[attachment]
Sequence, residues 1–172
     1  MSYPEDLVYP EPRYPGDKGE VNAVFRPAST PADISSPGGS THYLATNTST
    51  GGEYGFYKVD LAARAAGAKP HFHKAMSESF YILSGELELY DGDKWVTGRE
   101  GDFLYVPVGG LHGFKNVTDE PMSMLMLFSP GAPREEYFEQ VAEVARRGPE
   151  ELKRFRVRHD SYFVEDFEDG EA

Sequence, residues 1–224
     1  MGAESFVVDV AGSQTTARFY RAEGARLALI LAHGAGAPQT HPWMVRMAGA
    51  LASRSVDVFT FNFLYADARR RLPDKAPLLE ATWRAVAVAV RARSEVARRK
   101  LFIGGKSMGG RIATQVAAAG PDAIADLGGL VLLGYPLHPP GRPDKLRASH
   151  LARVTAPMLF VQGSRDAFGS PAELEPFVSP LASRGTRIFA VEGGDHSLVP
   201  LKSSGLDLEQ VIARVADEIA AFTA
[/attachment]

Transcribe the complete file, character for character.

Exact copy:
Sequence, residues 1–172
     1  MSYPEDLVYP EPRYPGDKGE VNAVFRPAST PADISSPGGS THYLATNTST
    51  GGEYGFYKVD LAARAAGAKP HFHKAMSESF YILSGELELY DGDKWVTGRE
   101  GDFLYVPVGG LHGFKNVTDE PMSMLMLFSP GAPREEYFEQ VAEVARRGPE
   151  ELKRFRVRHD SYFVEDFEDG EA

Sequence, residues 1–224
     1  MGAESFVVDV AGSQTTARFY RAEGARLALI LAHGAGAPQT HPWMVRMAGA
    51  LASRSVDVFT FNFLYADARR RLPDKAPLLE ATWRAVAVAV RARSEVARRK
   101  LFIGGKSMGG RIATQVAAAG PDAIADLGGL VLLGYPLHPP GRPDKLRASH
   151  LARVTAPMLF VQGSRDAFGS PAELEPFVSP LASRGTRIFA VEGGDHSLVP
   201  LKSSGLDLEQ VIARVADEIA AFTA